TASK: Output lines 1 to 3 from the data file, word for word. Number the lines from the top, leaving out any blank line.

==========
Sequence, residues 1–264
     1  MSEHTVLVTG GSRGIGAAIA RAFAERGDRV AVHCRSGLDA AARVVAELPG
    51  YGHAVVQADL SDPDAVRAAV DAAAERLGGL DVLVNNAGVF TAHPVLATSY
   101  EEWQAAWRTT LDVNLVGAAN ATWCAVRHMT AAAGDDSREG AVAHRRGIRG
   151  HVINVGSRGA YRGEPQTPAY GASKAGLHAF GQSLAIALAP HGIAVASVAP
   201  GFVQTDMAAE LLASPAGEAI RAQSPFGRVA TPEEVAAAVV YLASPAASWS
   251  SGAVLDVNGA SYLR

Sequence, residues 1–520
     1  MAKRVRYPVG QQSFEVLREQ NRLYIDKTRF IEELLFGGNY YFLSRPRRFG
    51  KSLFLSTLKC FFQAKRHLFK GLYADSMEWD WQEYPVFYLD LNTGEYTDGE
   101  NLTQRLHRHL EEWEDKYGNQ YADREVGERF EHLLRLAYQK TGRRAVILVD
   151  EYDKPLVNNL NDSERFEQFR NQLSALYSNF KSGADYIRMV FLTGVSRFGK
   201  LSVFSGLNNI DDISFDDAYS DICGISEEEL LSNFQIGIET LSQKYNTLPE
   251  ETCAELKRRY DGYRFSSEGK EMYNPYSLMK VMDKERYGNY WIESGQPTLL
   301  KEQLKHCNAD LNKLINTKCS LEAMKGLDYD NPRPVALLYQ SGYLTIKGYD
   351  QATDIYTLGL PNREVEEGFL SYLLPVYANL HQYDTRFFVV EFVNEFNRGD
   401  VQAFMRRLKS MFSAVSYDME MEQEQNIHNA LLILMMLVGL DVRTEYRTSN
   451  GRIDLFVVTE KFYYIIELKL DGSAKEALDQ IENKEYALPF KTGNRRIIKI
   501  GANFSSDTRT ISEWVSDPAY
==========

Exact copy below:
Sequence, residues 1–264
     1  MSEHTVLVTG GSRGIGAAIA RAFAERGDRV AVHCRSGLDA AARVVAELPG
    51  YGHAVVQADL SDPDAVRAAV DAAAERLGGL DVLVNNAGVF TAHPVLATSY